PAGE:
Consumers Schizophrenic About Meat Buying

It seems consumers are becoming more schizophrenic about their meat and poultry purchasing.  On the one hand, they are willing to pay more for meat and poultry, but on the other, they seem to be angling toward less expensive products.

Oklahoma State University’s monthly Food Demand Survey showed consumers were willing to pay more for almost all cuts of poultry and red meat.  Chicken wings were the only notable exception.  They remained the same as a month earlier.

But while the survey showed consumers were willing to pay more for what they purchased, beef consumption is forecast to hold about steady with last year as pork and chicken consumption rises.

In its latest World Agricultural Supply and Demand Estimates report, the USDA estimated 2015 per-capita beef consumption at 54.0 pounds, pork at 49.8 pounds and chicken at 89.0 pounds.  This compares with 2014 per-capita consumption of 54.1 pounds of beef, 46.4 pounds of pork and 83.3 pounds of chicken.

So, if consumers are willing to pay more for beef but actually are buying about the same amount, they are buying more of the cheaper cuts, paying more for higher-quality products or both.  It certainly can be said that consumers are searching for value, whether it’s in the form of price or quality.




Retail grocers have been able to charge more for beef all year, but the holiday season brought even more joy to retailers’ wallets.

The spread between wholesale and retail beef prices in November was record wide at $132.60 per cwt as retailers capitalized on consumer willingness to pay more for beef.  This is up from the May low of $109.84.

And the wholesale-to-retail price spread has been wider than last year and the 2009-2013 average all year.  A year ago, the spread was $109.63 per cwt, and the previous five-year average spread for November was $95.54.

But that doesn’t mean things are looking up for cattle feeders losing an estimated $600 plus on each animal sold.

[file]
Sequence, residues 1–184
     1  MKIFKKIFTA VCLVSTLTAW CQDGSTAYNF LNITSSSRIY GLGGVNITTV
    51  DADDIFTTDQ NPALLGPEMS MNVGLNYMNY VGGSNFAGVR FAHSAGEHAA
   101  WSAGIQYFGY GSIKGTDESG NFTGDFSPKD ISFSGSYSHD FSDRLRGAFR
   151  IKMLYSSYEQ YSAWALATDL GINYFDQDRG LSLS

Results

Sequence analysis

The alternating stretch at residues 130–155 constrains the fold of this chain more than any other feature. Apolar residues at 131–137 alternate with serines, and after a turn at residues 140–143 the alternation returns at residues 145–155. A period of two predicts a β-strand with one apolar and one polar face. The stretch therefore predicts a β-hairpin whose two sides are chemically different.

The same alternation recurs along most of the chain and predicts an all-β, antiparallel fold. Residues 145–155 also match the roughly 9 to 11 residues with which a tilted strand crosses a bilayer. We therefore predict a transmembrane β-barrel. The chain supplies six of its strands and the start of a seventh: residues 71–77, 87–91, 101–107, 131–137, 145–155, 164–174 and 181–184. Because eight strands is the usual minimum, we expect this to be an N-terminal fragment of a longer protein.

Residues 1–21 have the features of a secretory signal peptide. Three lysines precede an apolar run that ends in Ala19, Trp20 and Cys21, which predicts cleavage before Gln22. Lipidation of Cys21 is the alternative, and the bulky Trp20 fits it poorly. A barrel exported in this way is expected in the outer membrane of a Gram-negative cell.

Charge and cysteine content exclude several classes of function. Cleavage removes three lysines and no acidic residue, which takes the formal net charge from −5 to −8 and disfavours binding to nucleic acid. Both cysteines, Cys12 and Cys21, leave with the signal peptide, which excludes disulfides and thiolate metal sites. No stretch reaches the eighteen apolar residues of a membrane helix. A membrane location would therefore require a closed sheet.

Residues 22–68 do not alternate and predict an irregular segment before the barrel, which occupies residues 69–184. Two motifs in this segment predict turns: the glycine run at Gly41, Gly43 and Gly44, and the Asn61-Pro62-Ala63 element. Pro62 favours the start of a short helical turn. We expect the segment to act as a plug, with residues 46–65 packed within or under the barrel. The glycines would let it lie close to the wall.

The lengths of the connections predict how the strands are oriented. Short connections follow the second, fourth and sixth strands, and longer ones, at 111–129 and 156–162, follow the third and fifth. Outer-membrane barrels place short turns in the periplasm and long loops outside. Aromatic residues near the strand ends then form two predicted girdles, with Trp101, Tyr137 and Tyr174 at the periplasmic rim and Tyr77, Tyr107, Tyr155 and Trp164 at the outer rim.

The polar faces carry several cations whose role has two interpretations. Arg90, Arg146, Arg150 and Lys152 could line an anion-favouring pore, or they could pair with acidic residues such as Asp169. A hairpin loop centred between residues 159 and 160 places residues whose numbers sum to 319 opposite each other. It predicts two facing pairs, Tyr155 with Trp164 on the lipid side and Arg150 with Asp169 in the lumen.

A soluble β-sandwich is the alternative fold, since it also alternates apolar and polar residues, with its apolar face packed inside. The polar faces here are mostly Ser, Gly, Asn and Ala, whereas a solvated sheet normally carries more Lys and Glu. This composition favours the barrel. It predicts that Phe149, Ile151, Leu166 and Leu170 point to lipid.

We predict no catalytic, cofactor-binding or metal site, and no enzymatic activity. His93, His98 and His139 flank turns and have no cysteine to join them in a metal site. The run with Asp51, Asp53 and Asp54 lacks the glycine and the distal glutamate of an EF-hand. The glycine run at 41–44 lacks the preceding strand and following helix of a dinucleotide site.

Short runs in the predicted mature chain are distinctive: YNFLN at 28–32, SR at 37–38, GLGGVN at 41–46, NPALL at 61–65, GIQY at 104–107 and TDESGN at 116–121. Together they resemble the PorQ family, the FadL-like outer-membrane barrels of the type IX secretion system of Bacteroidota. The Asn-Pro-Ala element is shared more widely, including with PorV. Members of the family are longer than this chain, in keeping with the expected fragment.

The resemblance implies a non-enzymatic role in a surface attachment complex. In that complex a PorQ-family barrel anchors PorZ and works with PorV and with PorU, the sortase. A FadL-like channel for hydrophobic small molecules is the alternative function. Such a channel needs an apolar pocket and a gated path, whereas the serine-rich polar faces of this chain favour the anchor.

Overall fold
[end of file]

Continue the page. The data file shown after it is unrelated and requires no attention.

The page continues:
The spread between the price of live cattle and the retail price of beef continued to widen in November to record highs.  The spread in November was $148.17 per cwt, compared with $114.93 a year earlier and the previous five-year average of $108.25.

A  graph illustrates the point.  Cattle feeders have not been able to capitalize on the consumer’s willingness to pay more for beef.

But pork producers are being left out in the cold as well.  The live-to-retail price spread for pork in November was $423.33 per head, compared with $399.29 a year ago and the 2009-2013 average of $330.08.




Cash fed cattle trade continued to be reported at $117 per cwt with a high-grade lot here and there at $118, about $1 below last week but steady with early week activity.  Dressed-basis trades were reported at $183, compared with $187 to $188 last week.

The USDA Thursday reported its choice beef cutout value at $195.76 per cwt, down $1.14 from Wednesday.  The USDA’s select cutout was $185.54, up $0.63.  The choice/select spread narrowed to $10.22 from $11.99 on Wednesday, and there were 92 loads of fabricated product sold into the spot market.

The USDA said rounds and loins were weak.  Select ribs and chucks were firm while choice grades were weak.  Trimmings were steady in a light test.

The CME Feeder Cattle Index for the seven days ended Wednesday was $154.69, down $0.41.  This compares with the Jan settlement Thursday of $144.25, down $3.45.